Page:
The Power of Nightmares assesses whether the threat from a hidden and organised terrorist network is an illusion. In the concluding part of the series, the programme explains how the illusion was created and who benefits from it.
In the wake of the shock and panic created by the devastating attack on the World Trade Center on 11 September, 2001, the neo-conservatives reconstructed the radical Islamists in the image of their last evil enemy, the Soviet Union - a sinister web of terror run from the centre by Osama Bin Laden in his lair in Afghanistan.
There are dangerous and fanatical individuals and groups around the world who have been inspired by extreme Islamist ideas, and who will use the techniques of mass terror - the attacks on America and Madrid make this only too clear.
But the nightmare vision of a uniquely powerful hidden organisation waiting to strike our societies is an illusion.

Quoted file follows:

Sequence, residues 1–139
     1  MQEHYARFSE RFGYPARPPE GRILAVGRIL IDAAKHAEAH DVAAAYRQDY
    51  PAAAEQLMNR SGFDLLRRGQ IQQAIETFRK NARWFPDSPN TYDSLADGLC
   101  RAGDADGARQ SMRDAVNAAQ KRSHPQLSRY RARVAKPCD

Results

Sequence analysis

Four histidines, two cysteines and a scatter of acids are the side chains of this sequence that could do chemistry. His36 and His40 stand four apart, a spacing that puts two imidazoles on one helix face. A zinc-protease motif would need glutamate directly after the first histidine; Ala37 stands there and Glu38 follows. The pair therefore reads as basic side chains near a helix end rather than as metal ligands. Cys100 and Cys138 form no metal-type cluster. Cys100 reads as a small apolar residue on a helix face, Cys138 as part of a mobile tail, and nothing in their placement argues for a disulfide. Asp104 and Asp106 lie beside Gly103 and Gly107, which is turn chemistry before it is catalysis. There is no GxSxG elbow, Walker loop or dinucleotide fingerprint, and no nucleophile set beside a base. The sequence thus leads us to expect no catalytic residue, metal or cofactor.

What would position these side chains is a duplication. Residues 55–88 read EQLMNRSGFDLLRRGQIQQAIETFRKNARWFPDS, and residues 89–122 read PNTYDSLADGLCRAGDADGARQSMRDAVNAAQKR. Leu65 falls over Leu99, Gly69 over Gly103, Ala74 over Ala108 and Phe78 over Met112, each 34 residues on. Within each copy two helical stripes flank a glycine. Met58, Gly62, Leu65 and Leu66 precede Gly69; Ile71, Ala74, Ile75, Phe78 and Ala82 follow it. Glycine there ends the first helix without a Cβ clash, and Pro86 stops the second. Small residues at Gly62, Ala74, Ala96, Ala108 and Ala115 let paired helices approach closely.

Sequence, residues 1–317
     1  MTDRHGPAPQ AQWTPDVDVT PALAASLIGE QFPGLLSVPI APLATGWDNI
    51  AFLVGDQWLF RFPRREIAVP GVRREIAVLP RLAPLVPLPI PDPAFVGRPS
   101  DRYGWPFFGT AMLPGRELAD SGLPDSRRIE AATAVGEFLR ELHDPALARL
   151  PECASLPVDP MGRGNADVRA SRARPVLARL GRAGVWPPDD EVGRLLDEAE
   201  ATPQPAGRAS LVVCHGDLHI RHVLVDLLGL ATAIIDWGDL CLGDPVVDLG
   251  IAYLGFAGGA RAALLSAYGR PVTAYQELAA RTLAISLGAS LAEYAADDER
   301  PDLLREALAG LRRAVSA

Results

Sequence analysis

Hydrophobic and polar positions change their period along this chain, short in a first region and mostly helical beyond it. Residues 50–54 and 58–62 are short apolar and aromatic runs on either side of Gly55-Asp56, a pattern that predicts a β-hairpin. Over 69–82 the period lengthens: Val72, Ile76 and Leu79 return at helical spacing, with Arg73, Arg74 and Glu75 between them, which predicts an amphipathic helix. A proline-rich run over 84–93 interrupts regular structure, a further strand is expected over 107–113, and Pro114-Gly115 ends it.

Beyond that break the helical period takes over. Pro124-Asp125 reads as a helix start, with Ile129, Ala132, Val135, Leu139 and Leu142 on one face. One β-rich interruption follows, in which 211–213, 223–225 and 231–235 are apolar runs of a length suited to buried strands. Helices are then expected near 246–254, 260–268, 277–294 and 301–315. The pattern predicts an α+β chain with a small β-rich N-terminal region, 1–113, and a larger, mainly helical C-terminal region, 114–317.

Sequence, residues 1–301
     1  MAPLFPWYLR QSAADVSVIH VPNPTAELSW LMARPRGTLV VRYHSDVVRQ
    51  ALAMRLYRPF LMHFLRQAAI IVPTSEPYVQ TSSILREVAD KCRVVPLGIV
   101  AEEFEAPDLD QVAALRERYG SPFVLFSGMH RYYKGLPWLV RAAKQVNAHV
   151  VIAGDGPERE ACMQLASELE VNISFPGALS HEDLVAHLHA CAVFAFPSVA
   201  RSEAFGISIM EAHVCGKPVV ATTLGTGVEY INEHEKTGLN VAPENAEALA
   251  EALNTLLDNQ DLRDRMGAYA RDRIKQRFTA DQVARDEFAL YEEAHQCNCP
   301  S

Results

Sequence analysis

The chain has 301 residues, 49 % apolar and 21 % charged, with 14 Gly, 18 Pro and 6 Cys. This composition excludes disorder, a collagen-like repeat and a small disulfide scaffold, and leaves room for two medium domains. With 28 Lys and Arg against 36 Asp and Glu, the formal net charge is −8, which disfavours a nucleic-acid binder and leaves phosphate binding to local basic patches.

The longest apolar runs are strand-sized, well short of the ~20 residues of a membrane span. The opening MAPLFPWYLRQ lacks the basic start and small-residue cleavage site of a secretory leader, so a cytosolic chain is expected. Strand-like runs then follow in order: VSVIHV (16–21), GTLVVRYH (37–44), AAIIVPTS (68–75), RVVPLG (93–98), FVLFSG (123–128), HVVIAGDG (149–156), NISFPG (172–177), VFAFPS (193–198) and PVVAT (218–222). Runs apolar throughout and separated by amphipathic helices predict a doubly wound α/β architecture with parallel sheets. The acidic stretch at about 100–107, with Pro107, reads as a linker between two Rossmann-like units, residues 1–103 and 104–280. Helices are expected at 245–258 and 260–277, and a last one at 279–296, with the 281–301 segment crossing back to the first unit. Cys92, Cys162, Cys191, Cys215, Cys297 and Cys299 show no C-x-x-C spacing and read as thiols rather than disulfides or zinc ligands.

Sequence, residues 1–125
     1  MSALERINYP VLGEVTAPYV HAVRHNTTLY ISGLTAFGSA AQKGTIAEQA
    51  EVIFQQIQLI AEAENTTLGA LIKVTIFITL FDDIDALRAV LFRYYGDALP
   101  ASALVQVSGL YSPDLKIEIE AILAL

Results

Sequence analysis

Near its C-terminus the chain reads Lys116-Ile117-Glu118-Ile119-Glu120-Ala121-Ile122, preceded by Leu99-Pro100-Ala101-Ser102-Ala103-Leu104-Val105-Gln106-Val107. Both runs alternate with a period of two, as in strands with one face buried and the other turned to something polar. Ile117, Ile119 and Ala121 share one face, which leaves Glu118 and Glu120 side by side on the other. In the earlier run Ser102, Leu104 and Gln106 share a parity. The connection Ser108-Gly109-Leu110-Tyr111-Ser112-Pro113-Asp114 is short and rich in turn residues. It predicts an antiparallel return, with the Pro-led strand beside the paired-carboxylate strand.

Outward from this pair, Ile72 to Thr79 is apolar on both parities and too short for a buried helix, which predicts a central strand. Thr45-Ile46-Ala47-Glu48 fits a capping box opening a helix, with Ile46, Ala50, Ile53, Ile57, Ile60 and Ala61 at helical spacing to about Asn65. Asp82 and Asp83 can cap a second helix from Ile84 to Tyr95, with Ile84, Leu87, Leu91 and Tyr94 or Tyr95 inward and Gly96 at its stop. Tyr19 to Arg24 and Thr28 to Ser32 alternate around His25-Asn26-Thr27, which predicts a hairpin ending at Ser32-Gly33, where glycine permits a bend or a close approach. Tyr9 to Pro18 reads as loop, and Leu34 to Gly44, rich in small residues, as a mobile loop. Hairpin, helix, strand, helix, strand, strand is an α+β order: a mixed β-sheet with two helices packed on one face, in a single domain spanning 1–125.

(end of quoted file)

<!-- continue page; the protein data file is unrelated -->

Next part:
Wherever one looks for this al-Qaeda organisation, from the mountains of Afghanistan to the "sleeper cells" in America, the British and Americans are chasing a phantom enemy.
But the reason that no-one questions the illusion is because this nightmare enemy gives so many groups new power and influence in a cynical age - and not just politicians.
Those with the darkest imaginations have now become the most powerful.
In part one, the programme looked at the origins of the neo-conservatives and the radical Islamists in the 1950s.
The second part of the series examined how the radical Islamists and neo-conservatives came together to defeat the Soviet Union in Afghanistan.
The Power of Nightmares will be broadcast over three nights from Tuesday 18 to Thursday, 20 January, 2005 at 2320 GMT on BBC Two. The final part has been updated in the wake of the Law Lords ruling in December that detaining foreign terrorist suspects without trial was illegal.